The EMSC Program has developed national performance measures to evaluate the operational capacity to provide pediatric emergency care through the availability of online and offline pediatric medical direction, essential pediatric equipment and supplies on ambulances, a hospital recognition system for pediatric medical and trauma facilities, and written pediatric interfacility transfer guidelines and agreements.4 Additional EMSC performance measures assess pediatric emergency education for the license and certification renewal of prehospital providers, the establishment of permanence of an EMSC program in each state, and integration of EMSC priorities into existing state mandates.4


In 1993, the Institute of Medicine (IOM) issued a landmark report on the state of EMS for children in both the prehospital- and hospital-based settings. It highlighted significant disparities between adult and pediatric emergency care, and it increased awareness about the unique needs of children during a medical emergency.2 In 2007, the IOM released three reports on the future of emergency care in the United States.57 Several recommendations from these reports have pediatric implications, including establishment of a national accreditation process for provider education, adoption of national certification for licensure of prehospital providers, recognition of common levels of EMS certification across states, testing of strategies for creating seamless systems of care, workforce strengthening, integration of evidence-based practices, and the inclusion of a pediatric coordinator in all EMS systems to advocate for pediatric needs in the system.5,6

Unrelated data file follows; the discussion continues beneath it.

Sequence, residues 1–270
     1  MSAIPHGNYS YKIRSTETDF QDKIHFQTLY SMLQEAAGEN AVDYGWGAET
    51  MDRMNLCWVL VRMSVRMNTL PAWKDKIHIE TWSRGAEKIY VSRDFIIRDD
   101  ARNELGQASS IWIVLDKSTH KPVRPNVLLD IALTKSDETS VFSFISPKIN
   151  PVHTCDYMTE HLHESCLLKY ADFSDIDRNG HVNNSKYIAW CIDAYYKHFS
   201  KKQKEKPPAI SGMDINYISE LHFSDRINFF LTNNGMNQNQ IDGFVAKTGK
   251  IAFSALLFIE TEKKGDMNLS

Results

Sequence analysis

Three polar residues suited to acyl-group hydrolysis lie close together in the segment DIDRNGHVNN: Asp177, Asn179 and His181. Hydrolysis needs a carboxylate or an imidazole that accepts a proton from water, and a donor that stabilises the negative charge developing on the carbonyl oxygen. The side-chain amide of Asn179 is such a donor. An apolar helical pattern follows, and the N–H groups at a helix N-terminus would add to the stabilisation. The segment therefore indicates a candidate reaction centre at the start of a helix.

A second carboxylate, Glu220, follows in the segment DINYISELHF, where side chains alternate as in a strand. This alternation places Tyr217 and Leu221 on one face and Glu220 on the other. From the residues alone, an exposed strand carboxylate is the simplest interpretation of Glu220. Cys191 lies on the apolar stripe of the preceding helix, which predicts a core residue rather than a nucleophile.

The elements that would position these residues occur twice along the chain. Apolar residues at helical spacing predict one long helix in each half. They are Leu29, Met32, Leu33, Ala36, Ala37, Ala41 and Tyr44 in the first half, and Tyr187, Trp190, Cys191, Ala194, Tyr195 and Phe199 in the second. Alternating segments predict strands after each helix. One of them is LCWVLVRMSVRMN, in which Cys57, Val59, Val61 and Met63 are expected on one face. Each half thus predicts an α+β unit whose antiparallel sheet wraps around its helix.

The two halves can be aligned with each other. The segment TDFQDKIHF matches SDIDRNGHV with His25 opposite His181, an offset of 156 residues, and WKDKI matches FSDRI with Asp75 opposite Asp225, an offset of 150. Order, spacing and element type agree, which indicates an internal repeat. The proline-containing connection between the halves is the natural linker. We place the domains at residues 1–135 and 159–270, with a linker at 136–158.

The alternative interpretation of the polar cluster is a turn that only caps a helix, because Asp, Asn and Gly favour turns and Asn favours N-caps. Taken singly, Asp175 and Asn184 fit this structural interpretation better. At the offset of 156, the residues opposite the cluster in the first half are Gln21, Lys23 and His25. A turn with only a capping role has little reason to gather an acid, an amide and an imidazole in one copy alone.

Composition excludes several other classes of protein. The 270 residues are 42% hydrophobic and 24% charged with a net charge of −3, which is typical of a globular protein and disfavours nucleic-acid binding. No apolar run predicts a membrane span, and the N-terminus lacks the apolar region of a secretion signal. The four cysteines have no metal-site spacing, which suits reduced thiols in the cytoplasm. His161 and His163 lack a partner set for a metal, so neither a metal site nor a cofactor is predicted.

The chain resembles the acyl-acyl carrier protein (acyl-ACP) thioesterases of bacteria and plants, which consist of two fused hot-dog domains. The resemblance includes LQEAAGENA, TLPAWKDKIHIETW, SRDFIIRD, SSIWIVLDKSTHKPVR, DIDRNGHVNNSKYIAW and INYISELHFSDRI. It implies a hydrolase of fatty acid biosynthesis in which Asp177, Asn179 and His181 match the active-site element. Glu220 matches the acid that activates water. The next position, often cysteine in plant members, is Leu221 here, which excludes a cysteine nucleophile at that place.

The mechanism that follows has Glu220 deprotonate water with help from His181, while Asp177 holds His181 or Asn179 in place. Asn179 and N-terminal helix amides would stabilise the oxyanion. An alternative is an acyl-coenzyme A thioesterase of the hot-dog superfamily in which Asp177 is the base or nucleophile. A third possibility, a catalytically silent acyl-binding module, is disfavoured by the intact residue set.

Children account for approximately 10% of the total patients treated by prehospital providers.8 As a result, EMS providers get limited reinforcement of pediatric assessment and life-saving skills, making refresher training extremely important to maintain competencies.9,10 Most EMS calls are for children who have noncritical illness or injury, yet wide variation across age groups in anatomy, physiology, cognition, and behavior, makes pediatric assessment and management challenging relative to adults.8,11 For example, equipment size changes as children grow; thus, essential items must be available for all ages ranging from infants to adolescents.12 In addition, a child’s physiologic response to a critical illness or injury varies by age; thus, prehospital providers must be able to recognize signs of physiologic compromise across the age spectrum.12 Furthermore, the cognitive and behavioral variety across pediatric age groups must be considered in a prehospital provider’s approach to patient assessment and management.12 Finally, a child’s complaints are often interpreted through the lens of the caregiver, thus, incorporating family-centered care is essential in the prehospital setting.12


image THE 9-1-1 SYSTEM

Prior to a universal 9-1-1 number, access to emergency services was scattered and uncoordinated.13 In 1968, 911 was established as a universal emergency number, and in 1972 the Federal Communications Commission (FCC) recommended that 911 technology be implemented nationally.13 Over the ensuing years, 911 availability grew to become almost completely universal, such that almost 99% of the US population now has access to 911 activated emergency services.1

Operators at Public Safety Answering Points (PSAP) receive 911 calls, and these centers dispatch the appropriate service, which may be medical, fire, and/or law enforcement.1 Because of the origins of 911 service, 90% of dispatch centers are operated by law enforcement whereas 8% are operated by EMS, and only 2% are operated by fire departments.13